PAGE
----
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In Overweight Kids, There Are Mistaken Asthma Symptoms - And Overuse Of Medication

When obese children with asthma run out of breath it could be due to poor physical health related...

Blood Vessel Transplant From Own Stem Cells - Now In A Week

Three years ago, a patient at Sahlgrenska University Hospital received a blood vessel transplant...

Shutting Off Blood To An Extremity Protects Hearts During Cardiac Surgery

In a new study, researchers have shown that shutting off the blood supply to an arm or leg before...

Climate Change Caused By The Ocean

Focus on greenhouse gases in the atmosphere has led to a lot of confusion among the public: bad...

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The economic and psychological term known as “sunk-cost fallacy” is a bias that leads someone to make a decision based solely on a previous financial investment. For example, a baseball fan might attend every game of the season only because he already purchased the tickets. But not everyone would force themselves to brave the pouring rain for a single game in one season simply because they previously paid for the seats.

So who is more likely to commit or avoid the sunk-cost fallacy and why?

A group of researchers at the Technical University of Denmark and the University of Copenhagen have developed models of neural networks that make it possible to simulate how the body protects itself from disease and predict the immune system’s access codes.

The human body has its own natural inbuilt defence mechanism which uses access or “pincodes” to stop microorganisms that invade the body from discovering how the entire human immune system works. Every human being on the planet has their own unique version of this defence mechanism. But the sheer complexity of the immune system has, up until now, also made it difficult for researchers to understand how the immune system functions and develop precise immunological treatments.

Scientists have identified about two dozen genes that control embryonic stem cell fate. The genes may either prod or restrain stem cells from drifting into a kind of limbo, they suspect. The limbo lies between the embryonic stage and fully differentiated, or specialized, cells, such as bone, muscle or fat.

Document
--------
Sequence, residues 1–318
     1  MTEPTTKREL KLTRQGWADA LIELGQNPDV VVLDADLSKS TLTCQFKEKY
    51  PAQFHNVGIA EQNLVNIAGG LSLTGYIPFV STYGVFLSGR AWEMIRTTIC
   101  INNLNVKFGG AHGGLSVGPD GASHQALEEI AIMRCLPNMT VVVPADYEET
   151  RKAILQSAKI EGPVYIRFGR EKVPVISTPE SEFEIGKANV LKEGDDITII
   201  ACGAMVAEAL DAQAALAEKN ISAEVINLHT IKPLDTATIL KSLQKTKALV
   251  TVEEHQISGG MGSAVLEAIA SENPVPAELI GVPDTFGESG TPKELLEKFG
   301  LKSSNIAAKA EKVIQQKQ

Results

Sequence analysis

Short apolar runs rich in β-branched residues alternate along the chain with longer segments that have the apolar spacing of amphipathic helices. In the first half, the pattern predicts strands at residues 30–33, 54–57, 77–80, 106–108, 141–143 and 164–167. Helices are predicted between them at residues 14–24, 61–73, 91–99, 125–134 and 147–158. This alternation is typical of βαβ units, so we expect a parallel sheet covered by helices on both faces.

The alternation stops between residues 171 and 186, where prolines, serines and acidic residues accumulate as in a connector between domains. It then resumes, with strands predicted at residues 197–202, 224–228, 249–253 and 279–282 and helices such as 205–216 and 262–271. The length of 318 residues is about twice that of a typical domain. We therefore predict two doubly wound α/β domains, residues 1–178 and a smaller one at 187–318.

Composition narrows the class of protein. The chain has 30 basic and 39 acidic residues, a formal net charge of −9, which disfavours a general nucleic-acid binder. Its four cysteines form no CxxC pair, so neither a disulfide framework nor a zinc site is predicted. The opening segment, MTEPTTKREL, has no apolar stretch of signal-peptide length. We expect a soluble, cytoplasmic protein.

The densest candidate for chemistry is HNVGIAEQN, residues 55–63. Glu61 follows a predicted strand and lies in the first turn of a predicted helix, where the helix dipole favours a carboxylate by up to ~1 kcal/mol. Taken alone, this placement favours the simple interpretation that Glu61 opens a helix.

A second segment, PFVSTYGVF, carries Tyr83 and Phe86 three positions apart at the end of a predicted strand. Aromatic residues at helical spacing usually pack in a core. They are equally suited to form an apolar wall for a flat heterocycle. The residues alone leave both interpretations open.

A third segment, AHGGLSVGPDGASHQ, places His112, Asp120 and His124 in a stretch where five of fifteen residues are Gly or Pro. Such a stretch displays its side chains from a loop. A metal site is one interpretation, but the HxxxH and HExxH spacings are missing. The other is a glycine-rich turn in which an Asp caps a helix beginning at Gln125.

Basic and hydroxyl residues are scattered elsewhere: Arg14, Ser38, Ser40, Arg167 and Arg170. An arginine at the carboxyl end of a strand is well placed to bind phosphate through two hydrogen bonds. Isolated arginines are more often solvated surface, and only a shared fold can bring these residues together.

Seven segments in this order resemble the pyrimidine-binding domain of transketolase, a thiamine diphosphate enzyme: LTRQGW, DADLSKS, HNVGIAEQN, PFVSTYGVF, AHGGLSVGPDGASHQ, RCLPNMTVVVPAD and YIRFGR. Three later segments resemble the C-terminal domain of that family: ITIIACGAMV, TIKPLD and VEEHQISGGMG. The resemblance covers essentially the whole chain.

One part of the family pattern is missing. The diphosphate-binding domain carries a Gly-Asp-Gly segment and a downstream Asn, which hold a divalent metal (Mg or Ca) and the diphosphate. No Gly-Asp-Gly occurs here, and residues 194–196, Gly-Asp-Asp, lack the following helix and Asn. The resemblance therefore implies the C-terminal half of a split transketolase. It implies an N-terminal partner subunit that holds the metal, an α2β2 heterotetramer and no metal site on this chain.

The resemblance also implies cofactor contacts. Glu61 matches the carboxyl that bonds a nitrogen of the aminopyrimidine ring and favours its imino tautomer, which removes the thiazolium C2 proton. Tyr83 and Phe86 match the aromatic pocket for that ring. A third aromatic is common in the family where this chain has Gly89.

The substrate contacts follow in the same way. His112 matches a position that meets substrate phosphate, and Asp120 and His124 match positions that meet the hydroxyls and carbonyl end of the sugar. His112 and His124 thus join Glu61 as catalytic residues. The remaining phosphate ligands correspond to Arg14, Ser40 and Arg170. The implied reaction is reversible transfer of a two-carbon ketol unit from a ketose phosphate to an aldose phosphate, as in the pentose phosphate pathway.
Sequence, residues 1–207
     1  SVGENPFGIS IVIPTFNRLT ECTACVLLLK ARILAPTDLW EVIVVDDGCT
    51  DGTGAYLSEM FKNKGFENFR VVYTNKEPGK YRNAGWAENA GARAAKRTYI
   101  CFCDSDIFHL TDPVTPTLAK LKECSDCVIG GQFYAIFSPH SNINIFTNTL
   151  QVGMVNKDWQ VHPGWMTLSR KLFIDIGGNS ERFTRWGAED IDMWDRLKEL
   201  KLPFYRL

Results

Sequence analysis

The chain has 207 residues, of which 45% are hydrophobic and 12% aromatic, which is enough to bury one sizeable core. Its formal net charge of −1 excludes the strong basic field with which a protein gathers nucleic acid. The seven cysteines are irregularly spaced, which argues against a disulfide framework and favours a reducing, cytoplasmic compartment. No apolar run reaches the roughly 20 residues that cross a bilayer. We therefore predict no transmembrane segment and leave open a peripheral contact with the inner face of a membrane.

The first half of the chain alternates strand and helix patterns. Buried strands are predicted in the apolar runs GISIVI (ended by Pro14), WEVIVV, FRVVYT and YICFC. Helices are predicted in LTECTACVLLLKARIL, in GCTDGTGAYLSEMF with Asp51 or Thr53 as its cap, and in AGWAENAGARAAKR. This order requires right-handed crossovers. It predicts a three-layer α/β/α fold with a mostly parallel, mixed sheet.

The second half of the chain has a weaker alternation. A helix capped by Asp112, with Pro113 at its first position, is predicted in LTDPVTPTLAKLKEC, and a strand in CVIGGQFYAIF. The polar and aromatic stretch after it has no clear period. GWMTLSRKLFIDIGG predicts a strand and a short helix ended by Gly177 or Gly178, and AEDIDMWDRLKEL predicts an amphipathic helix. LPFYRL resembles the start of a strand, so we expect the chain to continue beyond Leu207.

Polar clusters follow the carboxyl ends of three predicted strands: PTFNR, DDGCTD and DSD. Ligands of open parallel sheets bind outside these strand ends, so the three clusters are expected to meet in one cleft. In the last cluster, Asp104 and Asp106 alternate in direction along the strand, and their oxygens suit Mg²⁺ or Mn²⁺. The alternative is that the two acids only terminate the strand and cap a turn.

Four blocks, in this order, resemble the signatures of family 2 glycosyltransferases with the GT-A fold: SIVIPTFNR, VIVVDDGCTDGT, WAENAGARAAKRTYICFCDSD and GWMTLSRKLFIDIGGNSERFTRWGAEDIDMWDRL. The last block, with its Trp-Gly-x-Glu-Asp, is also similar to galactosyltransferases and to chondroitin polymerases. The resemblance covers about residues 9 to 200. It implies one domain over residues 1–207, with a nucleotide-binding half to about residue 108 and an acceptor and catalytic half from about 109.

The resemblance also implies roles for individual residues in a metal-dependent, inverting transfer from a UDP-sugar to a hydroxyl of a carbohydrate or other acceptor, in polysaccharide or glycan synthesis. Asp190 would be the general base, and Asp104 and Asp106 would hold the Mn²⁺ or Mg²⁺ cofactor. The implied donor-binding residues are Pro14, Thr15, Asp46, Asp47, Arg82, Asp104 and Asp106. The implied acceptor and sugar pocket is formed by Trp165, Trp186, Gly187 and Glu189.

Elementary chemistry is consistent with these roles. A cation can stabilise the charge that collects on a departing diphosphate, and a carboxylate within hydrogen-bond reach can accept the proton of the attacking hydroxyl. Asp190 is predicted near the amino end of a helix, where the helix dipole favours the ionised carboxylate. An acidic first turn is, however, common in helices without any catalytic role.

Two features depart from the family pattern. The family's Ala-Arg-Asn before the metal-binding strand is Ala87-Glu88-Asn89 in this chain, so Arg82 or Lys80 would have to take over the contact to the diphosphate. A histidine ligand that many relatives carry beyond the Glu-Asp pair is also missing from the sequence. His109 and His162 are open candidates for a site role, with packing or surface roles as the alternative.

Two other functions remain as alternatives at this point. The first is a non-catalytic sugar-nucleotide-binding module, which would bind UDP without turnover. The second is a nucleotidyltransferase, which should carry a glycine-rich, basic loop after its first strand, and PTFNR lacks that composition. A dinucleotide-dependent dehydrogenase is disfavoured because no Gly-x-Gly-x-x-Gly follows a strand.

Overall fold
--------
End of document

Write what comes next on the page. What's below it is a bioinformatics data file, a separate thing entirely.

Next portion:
By knowing the genes and proteins that control a cell's progress toward the differentiated form, researchers may be able to accelerate the process – a potential boon for the use of stem cells in therapy or the study of some degenerative diseases, the scientists say.

Their finding comes from the first large-scale search for genes crucial to embryonic stem cells. The research was carried out by a team at the University of California, San Francisco and is reported in a paper in the July 11, 2008 issue of Cell.

European researchers are the first to demonstrate functional components that exploit the magnetic properties of electrons to perform logic operations. Compatible with existing microtechnology, the new approach heralds the next era of faster, smaller and more efficient electronics.

In the 1960s, Henry Moore observed that it took around 18 months for silicon chip manufacturers to shrink their technology and fit twice as many transistors into the same area of silicon.

But Moore's Law is beginning to lose its hold. According to the International Technology Roadmap for Semiconductors (ITRS), devices based on silicon-only technology will soon reach the limits of miniaturization and power efficiency.


In addition to helping protect us from heart disease and cancer, a balanced diet and regular exercise can also protect the brain and ward off mental disorders, says Fernando Gómez-Pinilla, a UCLA professor of neurosurgery and physiological science who has spent years studying the effects of food, exercise and sleep on the brain.

Synapses in the brain connect neurons and provide critical functions; much learning and memory occurs at the synapses, Gómez-Pinilla said.

Omega-3 fatty acids — found in salmon, walnuts and kiwi fruit — provide many benefits, including improving learning and memory and helping to fight against such mental disorders as depression and mood disorders, schizophrenia, and dementia.

China is the largest polluter in the world and leads in greenhouse gas emissions but is exempt from the Kyoto Protocol. Many Western countries argue that all polluters should face restrictions if any do, but the US, for example, is the largest importer of goods from China.

Should importers of goods also be responsible for greenhouse gas emissions of goods?

The Kyoto Protocol had numerous flaws, based primarily on an inadequate understanding of which gases caused global warming and to what extent. Focusing solely on counting carbon emissions within national borders was also inadequate in deciding who is responsible for emissions reduction, as suggested by today’s G8+8 stalemate.